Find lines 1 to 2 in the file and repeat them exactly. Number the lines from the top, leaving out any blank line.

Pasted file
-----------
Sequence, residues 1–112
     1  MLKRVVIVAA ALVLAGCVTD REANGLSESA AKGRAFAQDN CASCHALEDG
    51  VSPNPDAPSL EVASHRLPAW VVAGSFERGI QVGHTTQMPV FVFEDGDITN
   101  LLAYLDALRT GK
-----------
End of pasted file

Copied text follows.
Sequence, residues 1–112
     1  MLKRVVIVAA ALVLAGCVTD REANGLSESA AKGRAFAQDN CASCHALEDG